Eating with a missing tooth is neither fun nor comfortable, but you can get used to it. The issue is that, aside from the social consequences of having missing teeth, it can cause health problems as well. While anyone can adapt to life without a tooth, complications arise over time and these can cause significant health issues down the road.
Gum and jaw problems caused by missing teeth
It takes a lot of pressure from your jaw to crush food. When you have all your teeth, this pressure is distributed evenly. When you don’t, the other teeth must pick up the slack for the places where the missing teeth aren’t placing any pressure. Your jaw, gums, and remaining teeth must work that much harder to do the work of chewing. This can cause premature wear and tear on your remaining teeth, gums, and jaw. That, in turn, results in TMJ, a pain disorder of the jaw that can cause headaches, neck pain, and more. The extra wear on your gums can result in infection and gum disease.
Digestive problems caused by missing teeth
Remember when your mom told you that you needed 40 bites before you could swallow? Well, while there’s no scientific standard for the number of bites required to safely swallow a foodstuff, the less chewed up your food is, the more likely it can become lodged in your esophagus and result in choking.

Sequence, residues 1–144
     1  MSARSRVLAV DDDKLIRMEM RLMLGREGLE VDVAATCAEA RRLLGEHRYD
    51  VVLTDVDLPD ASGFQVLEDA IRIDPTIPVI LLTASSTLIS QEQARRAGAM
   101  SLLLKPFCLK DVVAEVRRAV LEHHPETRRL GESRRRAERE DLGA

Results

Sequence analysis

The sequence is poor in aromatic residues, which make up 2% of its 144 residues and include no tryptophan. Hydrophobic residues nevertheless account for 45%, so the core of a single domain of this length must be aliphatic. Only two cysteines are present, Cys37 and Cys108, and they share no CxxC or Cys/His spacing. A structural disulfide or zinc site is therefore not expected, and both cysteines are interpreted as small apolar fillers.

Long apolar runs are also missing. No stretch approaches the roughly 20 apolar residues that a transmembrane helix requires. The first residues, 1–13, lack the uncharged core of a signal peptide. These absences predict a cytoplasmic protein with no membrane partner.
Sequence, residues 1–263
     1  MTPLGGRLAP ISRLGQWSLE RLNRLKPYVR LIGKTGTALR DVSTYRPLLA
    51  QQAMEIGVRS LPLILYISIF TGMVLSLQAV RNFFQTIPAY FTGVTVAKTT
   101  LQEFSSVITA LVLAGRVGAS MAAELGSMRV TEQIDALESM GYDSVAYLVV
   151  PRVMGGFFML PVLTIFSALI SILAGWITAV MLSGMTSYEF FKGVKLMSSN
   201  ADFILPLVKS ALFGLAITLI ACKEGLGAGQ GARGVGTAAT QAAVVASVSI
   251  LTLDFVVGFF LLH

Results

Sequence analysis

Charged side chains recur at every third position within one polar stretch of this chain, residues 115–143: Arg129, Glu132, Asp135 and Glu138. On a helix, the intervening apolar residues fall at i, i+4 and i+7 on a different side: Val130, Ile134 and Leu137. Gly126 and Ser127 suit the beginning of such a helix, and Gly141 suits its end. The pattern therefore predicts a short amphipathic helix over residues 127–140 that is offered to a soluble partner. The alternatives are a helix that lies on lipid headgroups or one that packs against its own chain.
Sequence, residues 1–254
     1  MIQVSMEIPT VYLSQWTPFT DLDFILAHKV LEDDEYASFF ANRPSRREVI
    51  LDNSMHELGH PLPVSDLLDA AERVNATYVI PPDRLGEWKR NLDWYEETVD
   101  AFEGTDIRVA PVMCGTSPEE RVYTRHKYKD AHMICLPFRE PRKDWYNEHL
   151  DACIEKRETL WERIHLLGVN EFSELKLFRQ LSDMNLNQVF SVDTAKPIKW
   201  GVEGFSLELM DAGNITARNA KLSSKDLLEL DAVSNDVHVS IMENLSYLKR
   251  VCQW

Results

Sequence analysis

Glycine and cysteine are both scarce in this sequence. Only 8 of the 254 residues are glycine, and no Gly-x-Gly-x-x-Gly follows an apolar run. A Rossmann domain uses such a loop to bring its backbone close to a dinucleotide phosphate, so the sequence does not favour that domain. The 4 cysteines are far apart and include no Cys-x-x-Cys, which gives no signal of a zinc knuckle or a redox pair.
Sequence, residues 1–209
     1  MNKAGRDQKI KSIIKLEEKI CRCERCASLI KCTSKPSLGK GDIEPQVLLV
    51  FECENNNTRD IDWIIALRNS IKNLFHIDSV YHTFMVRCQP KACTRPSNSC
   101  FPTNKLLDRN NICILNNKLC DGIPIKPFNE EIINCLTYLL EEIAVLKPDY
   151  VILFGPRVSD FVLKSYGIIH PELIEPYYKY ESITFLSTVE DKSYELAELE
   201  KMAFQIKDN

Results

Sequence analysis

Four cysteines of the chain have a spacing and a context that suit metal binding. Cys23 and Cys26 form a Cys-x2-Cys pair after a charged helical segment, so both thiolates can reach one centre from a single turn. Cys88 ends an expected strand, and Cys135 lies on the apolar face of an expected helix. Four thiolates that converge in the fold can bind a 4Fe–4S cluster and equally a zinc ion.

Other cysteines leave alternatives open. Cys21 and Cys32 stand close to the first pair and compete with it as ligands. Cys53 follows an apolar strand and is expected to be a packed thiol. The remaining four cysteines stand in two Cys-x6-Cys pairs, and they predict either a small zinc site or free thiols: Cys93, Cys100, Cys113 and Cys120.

Further, food that is not completely chewed becomes difficult to digest. This can result in food rotting in your gut because it’s too large to fully absorb. This is known as a bezoar. Bezoars are often the result of missing teeth or poorly fitting dentures. While bezoars alone aren’t necessarily dangerous, they can cause dangerous blockages in the stomach and large intestine. This results in the loss of nutrients and can result in bowel and stomach problems.
Eating with missing teeth
If you have missing teeth or you wear dentures but don’t like wearing them while you eat, your best alternative is to eat soft food until your mouth has been adequately staffed with teeth again. While dentures are still an option, you can exert considerably less force with them than you can with your real teeth. Alternatively, dental implants remain an option for those who would prefer the look and feel of real teeth over glue-on dentures.
Obviously, the human body was not meant to sustain itself on mashed potatoes and applesauce, and most proteins don’t respond well to a blender. Hence, the best and most sustainable solution is to have the missing teeth replaced with dental implants to restore both the look and functionality of real human teeth.
Let Us Help You Today
If you’re asking yourself, “what can I eat if missing a tooth,” we can help. Our Cottonwood dentists at Peak Family Dental Care can also help fit you with your first set of dental implants. Call our office today to learn more about how we can assist you.